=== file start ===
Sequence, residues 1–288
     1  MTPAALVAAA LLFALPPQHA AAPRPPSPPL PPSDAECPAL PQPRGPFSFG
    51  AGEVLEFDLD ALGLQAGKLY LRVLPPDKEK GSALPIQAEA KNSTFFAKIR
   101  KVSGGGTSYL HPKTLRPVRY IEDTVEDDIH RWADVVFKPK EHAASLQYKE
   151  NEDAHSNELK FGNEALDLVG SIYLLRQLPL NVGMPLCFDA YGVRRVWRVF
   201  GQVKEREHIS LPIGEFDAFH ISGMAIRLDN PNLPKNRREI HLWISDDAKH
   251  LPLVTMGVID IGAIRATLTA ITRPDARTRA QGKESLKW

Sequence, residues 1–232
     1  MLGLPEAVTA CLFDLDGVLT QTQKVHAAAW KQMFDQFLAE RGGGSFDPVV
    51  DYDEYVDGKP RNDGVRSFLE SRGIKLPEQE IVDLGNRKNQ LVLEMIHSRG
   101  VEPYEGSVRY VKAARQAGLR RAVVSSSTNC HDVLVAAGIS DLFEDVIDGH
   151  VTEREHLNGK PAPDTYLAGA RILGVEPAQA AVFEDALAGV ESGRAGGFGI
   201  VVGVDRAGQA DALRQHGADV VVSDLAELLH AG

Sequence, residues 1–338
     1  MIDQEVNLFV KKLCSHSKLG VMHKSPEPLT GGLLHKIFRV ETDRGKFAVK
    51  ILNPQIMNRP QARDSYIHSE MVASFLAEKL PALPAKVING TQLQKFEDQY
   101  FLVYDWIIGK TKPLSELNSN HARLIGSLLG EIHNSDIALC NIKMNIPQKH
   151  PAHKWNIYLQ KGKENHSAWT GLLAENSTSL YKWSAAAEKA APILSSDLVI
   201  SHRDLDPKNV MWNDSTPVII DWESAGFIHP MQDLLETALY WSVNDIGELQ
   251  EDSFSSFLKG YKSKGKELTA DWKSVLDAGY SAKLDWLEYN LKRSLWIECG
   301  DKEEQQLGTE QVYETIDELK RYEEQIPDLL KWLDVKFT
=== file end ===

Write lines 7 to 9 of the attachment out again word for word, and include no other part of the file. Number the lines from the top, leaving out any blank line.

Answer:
   251  LPLVTMGVID IGAIRATLTA ITRPDARTRA QGKESLKW

Sequence, residues 1–232
     1  MLGLPEAVTA CLFDLDGVLT QTQKVHAAAW KQMFDQFLAE RGGGSFDPVV